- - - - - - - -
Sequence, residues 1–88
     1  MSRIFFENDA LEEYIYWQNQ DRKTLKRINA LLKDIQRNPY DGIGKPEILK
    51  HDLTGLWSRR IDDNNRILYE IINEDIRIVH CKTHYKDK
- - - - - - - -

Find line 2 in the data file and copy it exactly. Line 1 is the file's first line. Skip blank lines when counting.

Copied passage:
     1  MSRIFFENDA LEEYIYWQNQ DRKTLKRINA LLKDIQRNPY DGIGKPEILK